Tomorrow's Engineer: What Mentoring Means
The Team GenerationA lot of things have changed since last September, and most have been for the good. When it comes to professional development and the development of others in the design, construction, and building management industry, this renewed interest in others is a refreshing change from the "me" generation that has now transformed into the "team" generation. To endorse this investment in others, let me start by asking the question, "Who hasn't been helped along the way?"
If you fall into that category of having been helped in the past, including receiving encouragement, guidance, and support, then you need to make sure this process doesn't stop with you. Mentors must be proactive, and that doesn't necessarily come instinctively to each person who is in a position to help. Here is a refresher course on this subject:
- Recognize that not everyone is meant to climb the ladder, but everyone is entitled to be the very best at whatever level in the organization they fill.
- You want everyone to be excited to get up and go to work so you need to be the coach cheering on the other person.
- For the individual to be successful, a broad range of skills is needed, beginning with time management, good communication, and positive attitude.
Setting Goals and Training to Get ThereGoal setting can be the tool or, better yet, the roadmap by which an individual can monitor and measure his progress. Analogous to driving from Boston to Atlanta, you probably wouldn't attempt the trip without a roadmap, so why would you want to encourage someone to attempt to be successful without a means to monitor and measure her progress? Goal setting is integral to establishing a successful professional achievement plan. Training is equally essential to building on the plan and to increasing the individual's chances of succeeding.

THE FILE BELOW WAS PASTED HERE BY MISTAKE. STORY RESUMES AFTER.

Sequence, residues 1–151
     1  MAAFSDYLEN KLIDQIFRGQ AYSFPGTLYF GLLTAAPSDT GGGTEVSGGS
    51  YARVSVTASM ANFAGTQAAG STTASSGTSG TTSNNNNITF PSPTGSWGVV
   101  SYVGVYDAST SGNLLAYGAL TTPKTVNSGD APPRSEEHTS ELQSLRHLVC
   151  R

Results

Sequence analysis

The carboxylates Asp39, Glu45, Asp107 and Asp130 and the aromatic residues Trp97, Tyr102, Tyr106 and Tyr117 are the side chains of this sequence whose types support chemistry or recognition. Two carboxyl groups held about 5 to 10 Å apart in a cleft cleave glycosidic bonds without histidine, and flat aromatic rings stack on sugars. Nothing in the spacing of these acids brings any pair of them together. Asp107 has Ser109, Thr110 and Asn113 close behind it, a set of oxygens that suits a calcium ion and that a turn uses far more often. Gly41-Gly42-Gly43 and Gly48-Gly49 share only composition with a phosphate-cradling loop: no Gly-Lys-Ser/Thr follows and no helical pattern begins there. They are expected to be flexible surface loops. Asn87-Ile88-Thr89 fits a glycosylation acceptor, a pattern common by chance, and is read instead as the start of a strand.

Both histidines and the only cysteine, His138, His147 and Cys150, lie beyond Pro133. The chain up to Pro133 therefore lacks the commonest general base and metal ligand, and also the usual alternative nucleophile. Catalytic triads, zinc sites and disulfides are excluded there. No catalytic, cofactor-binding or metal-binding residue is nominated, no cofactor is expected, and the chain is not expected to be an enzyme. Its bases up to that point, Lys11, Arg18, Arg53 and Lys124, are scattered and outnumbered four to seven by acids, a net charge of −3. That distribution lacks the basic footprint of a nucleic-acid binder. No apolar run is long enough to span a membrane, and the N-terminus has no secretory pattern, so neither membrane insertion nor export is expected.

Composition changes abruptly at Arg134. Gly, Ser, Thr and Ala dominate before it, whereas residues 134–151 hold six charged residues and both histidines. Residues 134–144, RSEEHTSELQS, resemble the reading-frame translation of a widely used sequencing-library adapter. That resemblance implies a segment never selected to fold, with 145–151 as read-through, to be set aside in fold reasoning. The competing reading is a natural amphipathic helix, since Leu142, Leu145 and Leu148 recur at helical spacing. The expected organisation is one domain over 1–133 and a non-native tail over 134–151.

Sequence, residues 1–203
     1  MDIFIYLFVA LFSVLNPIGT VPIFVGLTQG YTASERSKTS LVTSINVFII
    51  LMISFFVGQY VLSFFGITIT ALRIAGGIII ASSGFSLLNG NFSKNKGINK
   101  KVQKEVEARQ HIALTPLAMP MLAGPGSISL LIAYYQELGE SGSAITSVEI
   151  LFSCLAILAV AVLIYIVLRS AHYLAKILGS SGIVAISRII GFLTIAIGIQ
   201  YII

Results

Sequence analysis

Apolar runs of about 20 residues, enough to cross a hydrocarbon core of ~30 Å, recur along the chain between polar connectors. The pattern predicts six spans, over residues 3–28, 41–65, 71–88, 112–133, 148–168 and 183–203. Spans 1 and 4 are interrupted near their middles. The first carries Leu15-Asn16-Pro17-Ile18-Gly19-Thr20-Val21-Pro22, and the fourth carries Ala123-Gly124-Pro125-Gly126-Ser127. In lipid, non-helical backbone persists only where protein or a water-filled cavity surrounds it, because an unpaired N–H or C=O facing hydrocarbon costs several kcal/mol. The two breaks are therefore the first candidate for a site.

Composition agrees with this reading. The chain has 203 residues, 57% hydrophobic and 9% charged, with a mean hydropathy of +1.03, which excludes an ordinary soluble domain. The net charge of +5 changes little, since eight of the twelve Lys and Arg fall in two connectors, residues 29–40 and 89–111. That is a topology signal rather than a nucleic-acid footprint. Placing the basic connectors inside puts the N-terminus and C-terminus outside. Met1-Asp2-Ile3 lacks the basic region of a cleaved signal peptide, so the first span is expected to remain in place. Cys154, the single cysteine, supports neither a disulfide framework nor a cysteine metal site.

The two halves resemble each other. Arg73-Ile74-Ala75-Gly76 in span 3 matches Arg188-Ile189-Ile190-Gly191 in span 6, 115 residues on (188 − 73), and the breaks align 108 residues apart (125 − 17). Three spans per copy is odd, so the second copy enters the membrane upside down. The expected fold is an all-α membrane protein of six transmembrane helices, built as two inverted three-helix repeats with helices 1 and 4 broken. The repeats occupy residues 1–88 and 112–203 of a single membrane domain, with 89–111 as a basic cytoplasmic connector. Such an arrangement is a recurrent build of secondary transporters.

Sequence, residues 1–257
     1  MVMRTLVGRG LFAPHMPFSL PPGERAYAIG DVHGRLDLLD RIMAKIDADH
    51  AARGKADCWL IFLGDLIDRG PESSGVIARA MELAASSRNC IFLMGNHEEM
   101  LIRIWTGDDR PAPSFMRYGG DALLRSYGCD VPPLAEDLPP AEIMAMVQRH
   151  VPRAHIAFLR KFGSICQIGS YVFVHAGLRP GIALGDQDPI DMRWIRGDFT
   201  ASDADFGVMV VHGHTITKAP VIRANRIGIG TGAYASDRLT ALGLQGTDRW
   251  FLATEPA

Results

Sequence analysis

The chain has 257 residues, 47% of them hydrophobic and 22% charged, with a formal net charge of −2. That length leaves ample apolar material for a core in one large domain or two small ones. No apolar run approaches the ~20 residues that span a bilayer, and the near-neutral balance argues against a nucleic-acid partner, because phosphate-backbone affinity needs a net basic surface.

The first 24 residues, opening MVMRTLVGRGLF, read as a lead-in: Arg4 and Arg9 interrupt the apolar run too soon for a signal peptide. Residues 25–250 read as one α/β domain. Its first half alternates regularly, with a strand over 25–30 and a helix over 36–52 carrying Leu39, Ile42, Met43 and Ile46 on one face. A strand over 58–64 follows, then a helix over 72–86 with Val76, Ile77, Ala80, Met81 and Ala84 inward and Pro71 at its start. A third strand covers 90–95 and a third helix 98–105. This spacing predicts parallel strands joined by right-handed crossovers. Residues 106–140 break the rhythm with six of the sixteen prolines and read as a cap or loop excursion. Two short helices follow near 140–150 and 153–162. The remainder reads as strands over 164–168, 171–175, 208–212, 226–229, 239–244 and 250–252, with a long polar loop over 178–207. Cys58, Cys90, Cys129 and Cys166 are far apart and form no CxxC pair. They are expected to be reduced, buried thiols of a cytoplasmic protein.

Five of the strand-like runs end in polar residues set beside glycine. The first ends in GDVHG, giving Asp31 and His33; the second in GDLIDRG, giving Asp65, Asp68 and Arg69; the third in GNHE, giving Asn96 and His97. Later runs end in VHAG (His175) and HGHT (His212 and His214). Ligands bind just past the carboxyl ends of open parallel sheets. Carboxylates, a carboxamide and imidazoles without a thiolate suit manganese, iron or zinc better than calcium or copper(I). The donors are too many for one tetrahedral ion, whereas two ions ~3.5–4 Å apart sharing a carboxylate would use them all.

By identifying the training courses needed to grow from one level of performance to the next, the individual will have a list of things to do that will support his quest to grow in the business.
In growing in the business, this should not be interpreted to mean the person is focused on working her way up the ladder of success. Being trained to be the very best at a particular job description doesn't necessarily translate into this person now moving on to the next job opportunity.
Remember, not everyone is meant to reach the top of the corporate ladder, nor does everyone set their sights on this goal. There are lots of people who want to proficient at a specific job and continue to improve their performance at this job without the need to change positions. Recognizing what you enjoy doing for work and that you are really good at that job can be reward enough for many people. There is more to life than just work.
I use another analogy of a juggler: "keeping all the balls in the air." For each person, there are balls associated with business and others that are associated with personal life. Mentors need to help the student understand that they should focus on achieving what excites them professionally while raising their awareness to also succeed on the home front.
It is good to see that ACEC recognizes that professional development needs to be part of the business community. In the past, corporate America has made it far too convenient for some to turn their heads on their employees, their community, and their families for the trappings of success. Training and mentoring should be part of the day-to-day commitment of the design, construction, and facility management community. ES